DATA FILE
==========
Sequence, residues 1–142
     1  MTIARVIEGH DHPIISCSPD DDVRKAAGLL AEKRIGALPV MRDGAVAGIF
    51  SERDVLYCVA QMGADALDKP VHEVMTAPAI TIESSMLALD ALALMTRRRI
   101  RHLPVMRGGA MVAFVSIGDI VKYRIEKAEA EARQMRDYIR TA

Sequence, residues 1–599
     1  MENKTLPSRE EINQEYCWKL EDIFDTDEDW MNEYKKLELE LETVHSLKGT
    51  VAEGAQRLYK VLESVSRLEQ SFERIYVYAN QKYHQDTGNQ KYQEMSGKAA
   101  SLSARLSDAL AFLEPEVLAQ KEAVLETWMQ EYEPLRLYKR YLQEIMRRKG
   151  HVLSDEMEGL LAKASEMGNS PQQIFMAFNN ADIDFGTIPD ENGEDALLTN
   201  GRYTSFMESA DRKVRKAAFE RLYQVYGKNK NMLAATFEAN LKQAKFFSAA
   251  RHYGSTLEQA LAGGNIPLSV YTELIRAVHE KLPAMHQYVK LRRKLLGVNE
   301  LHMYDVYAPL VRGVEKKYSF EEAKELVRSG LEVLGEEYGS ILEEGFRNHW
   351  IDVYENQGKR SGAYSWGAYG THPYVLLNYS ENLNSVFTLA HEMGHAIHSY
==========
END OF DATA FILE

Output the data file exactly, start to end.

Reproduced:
Sequence, residues 1–142
     1  MTIARVIEGH DHPIISCSPD DDVRKAAGLL AEKRIGALPV MRDGAVAGIF
    51  SERDVLYCVA QMGADALDKP VHEVMTAPAI TIESSMLALD ALALMTRRRI
   101  RHLPVMRGGA MVAFVSIGDI VKYRIEKAEA EARQMRDYIR TA

Sequence, residues 1–599
     1  MENKTLPSRE EINQEYCWKL EDIFDTDEDW MNEYKKLELE LETVHSLKGT
    51  VAEGAQRLYK VLESVSRLEQ SFERIYVYAN QKYHQDTGNQ KYQEMSGKAA
   101  SLSARLSDAL AFLEPEVLAQ KEAVLETWMQ EYEPLRLYKR YLQEIMRRKG
   151  HVLSDEMEGL LAKASEMGNS PQQIFMAFNN ADIDFGTIPD ENGEDALLTN
   201  GRYTSFMESA DRKVRKAAFE RLYQVYGKNK NMLAATFEAN LKQAKFFSAA
   251  RHYGSTLEQA LAGGNIPLSV YTELIRAVHE KLPAMHQYVK LRRKLLGVNE
   301  LHMYDVYAPL VRGVEKKYSF EEAKELVRSG LEVLGEEYGS ILEEGFRNHW
   351  IDVYENQGKR SGAYSWGAYG THPYVLLNYS ENLNSVFTLA HEMGHAIHSY